The club at Plymouth, which replaced a temporary hutted club opened in March 1945, incorporated a restaurant, tavern and cocktail bar, dance hall, reading and writing room, lounge, games room, and conference room, in addition to hostel accommodation.
Flats were also provided on the site for the Club Manager and Manageress. Joseph had to work within several constraints in designing the building, making allowances for unstable cellars and rubble from blitzed buildings, as well as a considerable ground fall from west to east and from south to north.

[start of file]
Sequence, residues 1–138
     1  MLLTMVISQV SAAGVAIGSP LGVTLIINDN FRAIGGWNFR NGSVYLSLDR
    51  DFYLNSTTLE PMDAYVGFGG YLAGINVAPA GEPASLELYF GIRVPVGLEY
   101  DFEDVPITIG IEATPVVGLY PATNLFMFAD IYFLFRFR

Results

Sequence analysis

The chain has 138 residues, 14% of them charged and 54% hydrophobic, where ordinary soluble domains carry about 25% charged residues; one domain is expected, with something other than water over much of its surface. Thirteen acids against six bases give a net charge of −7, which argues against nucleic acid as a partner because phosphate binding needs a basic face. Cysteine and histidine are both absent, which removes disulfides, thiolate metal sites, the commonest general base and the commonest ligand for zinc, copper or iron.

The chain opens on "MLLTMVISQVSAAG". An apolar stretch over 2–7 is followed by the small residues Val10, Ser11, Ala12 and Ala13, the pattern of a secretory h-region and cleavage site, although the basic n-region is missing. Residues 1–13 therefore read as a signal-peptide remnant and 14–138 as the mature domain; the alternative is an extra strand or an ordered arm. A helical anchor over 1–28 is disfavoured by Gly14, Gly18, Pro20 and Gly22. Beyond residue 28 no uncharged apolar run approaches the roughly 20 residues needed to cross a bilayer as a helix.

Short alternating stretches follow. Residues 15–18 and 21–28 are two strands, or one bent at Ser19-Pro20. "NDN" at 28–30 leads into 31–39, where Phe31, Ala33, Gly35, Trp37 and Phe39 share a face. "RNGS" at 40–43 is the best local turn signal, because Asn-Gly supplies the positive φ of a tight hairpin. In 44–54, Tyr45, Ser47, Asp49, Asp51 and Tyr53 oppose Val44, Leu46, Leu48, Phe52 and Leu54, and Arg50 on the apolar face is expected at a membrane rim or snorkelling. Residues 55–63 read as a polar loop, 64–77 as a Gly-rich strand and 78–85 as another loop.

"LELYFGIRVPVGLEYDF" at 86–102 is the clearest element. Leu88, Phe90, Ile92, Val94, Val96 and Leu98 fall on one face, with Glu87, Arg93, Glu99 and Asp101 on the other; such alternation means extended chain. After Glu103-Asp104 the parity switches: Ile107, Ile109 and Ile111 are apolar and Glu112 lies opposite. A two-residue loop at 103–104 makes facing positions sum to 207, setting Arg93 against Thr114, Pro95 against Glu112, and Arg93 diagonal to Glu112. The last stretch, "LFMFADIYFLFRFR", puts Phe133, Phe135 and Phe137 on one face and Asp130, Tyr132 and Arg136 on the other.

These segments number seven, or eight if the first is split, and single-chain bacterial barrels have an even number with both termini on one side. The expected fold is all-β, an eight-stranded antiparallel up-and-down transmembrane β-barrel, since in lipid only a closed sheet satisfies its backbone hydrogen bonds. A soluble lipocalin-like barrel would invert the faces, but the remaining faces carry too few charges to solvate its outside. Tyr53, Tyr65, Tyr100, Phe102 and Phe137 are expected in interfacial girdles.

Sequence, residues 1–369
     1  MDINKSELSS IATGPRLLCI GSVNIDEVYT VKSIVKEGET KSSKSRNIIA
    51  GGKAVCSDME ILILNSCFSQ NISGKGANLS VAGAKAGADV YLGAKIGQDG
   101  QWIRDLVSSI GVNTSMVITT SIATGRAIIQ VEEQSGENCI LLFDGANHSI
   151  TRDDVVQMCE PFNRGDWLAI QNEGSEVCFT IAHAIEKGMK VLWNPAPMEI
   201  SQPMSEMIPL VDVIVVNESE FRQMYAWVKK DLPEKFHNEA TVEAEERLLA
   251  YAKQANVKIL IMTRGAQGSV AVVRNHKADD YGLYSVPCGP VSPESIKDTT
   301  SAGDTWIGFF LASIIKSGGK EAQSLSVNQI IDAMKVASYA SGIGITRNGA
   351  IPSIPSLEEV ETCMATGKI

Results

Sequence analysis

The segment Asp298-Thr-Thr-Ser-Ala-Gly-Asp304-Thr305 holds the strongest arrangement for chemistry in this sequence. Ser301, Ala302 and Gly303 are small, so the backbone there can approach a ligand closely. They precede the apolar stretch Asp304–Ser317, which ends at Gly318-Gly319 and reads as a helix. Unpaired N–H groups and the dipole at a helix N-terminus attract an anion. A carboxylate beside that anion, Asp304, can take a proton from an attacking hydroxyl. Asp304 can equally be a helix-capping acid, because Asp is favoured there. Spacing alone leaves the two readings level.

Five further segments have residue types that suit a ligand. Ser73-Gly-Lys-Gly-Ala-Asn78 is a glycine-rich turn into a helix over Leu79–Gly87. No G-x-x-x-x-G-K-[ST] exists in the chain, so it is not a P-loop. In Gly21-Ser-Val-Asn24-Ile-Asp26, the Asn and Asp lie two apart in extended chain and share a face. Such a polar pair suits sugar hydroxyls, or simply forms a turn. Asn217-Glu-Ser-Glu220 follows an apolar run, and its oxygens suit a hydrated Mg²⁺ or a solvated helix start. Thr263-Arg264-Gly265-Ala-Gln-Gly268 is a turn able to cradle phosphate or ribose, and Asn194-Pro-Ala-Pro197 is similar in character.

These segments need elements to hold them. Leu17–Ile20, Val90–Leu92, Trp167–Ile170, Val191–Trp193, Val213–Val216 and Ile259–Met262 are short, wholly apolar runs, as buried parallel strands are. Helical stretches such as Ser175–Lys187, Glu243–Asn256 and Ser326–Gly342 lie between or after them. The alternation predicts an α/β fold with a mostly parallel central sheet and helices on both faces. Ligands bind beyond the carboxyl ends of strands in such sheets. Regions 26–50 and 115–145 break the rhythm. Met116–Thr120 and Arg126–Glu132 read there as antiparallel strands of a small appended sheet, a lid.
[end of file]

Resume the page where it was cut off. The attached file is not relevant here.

The requirement that the building is particularly maintenance-efficient influenced Joseph’s choice of materials: aluminum Plymax was used on doors and light switches, hardwood veneers were employed, and Macula wood floors laid in many of the rooms, with Rexine used in areas of particularly heavy use.
The building remained in use as a forces club – known latterly as the Plymouth Hoe Services Club – until 1969. From 1980 to 2007 it was the Plymouth School of Architecture.